Features and Controls
It's easy to get comfortable in the Ioniq and to find and use the controls. Traditional instrumentation, lots of buttons and knobs, and an intuitive infotainment system go a long way toward making the Ioniq enjoyable to drive.
Standard equipment includes a reversing camera, keyless entry with push-button engine starting, dual-zone automatic climate control, and a touch-screen 7-in. infotainment system with Bluetooth, satellite radio, HD Radio, smartphone projection, and more. Electric models have slight revisions to this list, such as single-zone climate control, heated front seats and mirrors, and Blue Link subscription services.
Upgrade to SEL trim and the Hybrid adds upgraded appearance features, blind-spot warning system, heated seats and mirrors, power driver's seat, and a handful of additional features. Highlights of the Limited trim level include leather, attractive 17-in. aluminum wheels, power sunroof, and Blue Link.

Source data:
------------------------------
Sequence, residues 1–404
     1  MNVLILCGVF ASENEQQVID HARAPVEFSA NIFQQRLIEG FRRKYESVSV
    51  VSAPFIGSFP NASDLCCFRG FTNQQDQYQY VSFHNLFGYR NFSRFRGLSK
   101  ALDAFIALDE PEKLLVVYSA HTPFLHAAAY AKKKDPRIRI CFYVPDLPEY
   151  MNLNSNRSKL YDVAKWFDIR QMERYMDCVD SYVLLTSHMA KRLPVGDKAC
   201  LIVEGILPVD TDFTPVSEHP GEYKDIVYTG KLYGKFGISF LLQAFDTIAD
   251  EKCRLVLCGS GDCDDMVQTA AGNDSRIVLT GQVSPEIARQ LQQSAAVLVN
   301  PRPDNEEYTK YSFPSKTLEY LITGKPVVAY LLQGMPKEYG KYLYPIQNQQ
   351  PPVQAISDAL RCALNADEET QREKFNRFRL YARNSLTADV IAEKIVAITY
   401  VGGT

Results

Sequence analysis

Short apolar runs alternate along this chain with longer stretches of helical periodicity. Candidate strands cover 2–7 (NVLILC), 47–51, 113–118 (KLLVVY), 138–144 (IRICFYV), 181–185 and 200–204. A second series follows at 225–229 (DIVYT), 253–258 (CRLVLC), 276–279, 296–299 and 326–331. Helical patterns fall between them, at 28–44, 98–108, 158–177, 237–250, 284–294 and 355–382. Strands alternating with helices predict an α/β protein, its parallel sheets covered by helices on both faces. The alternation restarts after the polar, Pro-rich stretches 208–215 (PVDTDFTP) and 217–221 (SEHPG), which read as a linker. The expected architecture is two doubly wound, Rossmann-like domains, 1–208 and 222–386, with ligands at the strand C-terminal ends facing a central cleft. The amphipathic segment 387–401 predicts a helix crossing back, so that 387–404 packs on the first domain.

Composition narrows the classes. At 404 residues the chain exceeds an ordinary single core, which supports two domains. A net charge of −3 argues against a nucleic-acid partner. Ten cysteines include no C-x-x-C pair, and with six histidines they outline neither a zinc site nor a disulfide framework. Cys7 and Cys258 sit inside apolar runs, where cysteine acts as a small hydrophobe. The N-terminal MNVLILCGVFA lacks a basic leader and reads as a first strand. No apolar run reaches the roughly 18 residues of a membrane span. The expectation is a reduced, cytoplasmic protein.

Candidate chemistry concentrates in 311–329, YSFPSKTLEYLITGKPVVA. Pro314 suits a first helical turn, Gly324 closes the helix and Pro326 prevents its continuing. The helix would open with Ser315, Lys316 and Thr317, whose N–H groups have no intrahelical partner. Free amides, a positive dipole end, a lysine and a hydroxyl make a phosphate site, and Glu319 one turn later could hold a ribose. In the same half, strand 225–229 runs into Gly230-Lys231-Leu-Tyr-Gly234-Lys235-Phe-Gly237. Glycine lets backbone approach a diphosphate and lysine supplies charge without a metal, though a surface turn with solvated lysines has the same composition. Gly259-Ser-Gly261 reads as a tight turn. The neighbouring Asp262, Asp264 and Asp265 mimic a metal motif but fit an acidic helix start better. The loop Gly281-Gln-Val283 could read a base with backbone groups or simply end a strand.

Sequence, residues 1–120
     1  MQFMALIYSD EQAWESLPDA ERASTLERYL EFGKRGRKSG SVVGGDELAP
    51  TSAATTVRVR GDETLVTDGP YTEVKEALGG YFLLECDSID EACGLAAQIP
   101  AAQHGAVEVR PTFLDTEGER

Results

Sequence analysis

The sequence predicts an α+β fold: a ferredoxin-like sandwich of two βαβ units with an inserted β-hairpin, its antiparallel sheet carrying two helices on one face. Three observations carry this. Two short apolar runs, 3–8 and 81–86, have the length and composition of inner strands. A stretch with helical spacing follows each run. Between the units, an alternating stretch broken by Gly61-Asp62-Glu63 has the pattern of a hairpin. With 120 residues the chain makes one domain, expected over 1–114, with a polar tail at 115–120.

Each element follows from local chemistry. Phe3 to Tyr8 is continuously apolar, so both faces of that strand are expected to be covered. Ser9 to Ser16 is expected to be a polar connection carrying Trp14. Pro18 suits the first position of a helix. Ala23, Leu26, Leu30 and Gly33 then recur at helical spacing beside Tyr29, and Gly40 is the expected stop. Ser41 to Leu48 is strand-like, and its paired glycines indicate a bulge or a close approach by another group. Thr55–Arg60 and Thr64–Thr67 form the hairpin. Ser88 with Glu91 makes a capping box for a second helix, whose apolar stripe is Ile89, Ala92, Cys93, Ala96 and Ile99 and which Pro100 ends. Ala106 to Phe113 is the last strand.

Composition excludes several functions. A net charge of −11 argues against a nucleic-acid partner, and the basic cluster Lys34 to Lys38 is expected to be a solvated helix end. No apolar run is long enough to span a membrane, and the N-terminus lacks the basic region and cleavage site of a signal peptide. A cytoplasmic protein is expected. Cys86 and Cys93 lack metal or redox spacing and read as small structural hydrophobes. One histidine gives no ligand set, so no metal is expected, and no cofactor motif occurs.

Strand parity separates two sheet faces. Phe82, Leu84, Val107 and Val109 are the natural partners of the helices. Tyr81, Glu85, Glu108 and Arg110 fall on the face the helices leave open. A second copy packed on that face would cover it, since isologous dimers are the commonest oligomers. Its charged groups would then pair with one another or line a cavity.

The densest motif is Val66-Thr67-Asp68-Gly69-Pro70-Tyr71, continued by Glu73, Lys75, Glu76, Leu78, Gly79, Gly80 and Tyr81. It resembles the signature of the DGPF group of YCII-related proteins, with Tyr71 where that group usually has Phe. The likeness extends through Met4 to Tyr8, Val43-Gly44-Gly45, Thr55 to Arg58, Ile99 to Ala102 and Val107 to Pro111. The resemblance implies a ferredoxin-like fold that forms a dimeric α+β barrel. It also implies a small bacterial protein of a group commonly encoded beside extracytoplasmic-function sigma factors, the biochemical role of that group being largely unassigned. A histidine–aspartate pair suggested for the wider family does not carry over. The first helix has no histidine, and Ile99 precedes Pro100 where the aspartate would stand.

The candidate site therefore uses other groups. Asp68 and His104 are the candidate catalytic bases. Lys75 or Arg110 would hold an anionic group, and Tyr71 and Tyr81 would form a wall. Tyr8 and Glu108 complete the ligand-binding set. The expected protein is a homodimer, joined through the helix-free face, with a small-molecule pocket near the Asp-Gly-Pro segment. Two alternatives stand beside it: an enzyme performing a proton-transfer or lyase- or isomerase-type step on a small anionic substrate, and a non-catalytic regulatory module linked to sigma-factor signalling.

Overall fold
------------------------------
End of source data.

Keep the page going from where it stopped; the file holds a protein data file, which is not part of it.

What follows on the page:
Safety and Technology
Install the Ultimate package and the Ioniq gains forward-collision warning, automatic emergency braking, lane-departure warning, dynamic bending headlights, rear park-assist sensors, and a larger 8-in. infotainment system with navigation, wireless device charging, and an Infinity premium audio system with Clari-Fi music-restoration technology.
If the Ioniq's collision-avoidance features fail to prevent an accident, know that more than half of the car's structure is engineered using high-strength steel. Furthermore, Hyundai employs this material largely around the passenger compartment, helping to prevent crash energy from intruding into the cabin.
Hyundai predicts that the Ioniq will earn top crash-test ratings from the National Highway Traffic Safety Administration (NHTSA) and the Insurance Institute for Highway Safety (IIHS). The car has already received top ratings in Europe's NCAP (New Car Assessment Program) crash testing.